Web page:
"We feel we need to have the best natural grass field possible," said Ted Thompson, the Packers' Executive Vice President and General Manager. "We're confident this will serve historic Lambeau Field well. It's grass, so that remains true to the spirit of our stadium; players will get dirty and have grass stains, that kind of thing. It's worked very well the last two seasons on Hinkle Field."
According to the Packers' field manager, Allen Johnson, the Packers have been following the evolution of the relatively new system for several years, going back to its development on European soccer fields.
Even though the Packers haven't been a good team in recent years, people still pay good money to visit the first stadium built for pro football. "We've had great success on Hinkle Field with the GrassMaster surface," said Johnson. "So we've been considering it seriously for Lambeau Field for about a year. Ted compared Lambeau Field and Hinkle Field last spring after several days of rain and it was a stark contrast. Lambeau was still soaked and wet and Hinkle was dry and firm. That final bit of first-hand experience set the wheels in motion."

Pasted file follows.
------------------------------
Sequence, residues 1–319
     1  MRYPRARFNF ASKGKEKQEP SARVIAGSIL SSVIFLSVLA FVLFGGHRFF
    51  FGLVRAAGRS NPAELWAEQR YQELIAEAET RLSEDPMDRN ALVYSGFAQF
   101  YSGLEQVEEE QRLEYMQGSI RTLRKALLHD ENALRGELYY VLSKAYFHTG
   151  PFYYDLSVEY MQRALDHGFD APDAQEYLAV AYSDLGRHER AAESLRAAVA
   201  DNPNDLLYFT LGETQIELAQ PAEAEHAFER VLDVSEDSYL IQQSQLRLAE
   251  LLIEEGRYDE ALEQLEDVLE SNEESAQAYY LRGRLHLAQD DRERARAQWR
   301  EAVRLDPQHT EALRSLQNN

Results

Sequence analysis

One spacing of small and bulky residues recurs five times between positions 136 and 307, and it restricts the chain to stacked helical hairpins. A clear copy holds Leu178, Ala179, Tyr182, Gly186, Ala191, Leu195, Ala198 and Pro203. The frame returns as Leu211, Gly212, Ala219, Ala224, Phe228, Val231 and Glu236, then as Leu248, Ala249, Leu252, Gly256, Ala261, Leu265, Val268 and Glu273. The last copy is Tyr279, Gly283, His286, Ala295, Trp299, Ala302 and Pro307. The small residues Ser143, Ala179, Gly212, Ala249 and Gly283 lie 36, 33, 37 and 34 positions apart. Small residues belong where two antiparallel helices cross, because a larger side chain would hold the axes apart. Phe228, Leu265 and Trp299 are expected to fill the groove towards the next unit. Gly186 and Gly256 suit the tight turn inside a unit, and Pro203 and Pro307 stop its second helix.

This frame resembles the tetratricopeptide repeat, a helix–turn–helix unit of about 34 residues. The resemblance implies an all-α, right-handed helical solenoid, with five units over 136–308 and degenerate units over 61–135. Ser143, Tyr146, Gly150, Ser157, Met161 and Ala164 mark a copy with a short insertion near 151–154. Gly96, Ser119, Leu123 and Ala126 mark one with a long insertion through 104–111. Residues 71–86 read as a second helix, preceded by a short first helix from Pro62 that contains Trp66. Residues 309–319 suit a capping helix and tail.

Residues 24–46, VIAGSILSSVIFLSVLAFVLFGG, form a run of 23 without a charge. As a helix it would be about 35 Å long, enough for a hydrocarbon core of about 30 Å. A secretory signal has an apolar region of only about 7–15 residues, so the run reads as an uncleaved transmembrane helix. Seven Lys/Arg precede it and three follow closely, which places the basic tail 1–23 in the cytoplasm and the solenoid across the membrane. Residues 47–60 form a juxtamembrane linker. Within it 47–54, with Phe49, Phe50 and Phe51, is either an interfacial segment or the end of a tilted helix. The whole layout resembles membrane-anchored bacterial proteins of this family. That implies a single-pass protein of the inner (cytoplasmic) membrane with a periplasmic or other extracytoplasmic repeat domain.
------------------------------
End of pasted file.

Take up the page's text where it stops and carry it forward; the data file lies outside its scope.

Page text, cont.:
DD GrassMaster's advantage mainly is attributed to the sand-based soil, which allows superior drainage and softer, more consistent footing over the current clay-based field. Because a sand-based root zone has less stability, the system employs the use of millions of strands of polyethylene and polypropylene materials eight inches below the surface with one inch exposed on the top. This gives the field firm footing and eliminates clumps of sod tearing from the surface. Furthermore, even after a full season's wear late in the year, the footing remains excellent due to the soil-strengthening strands.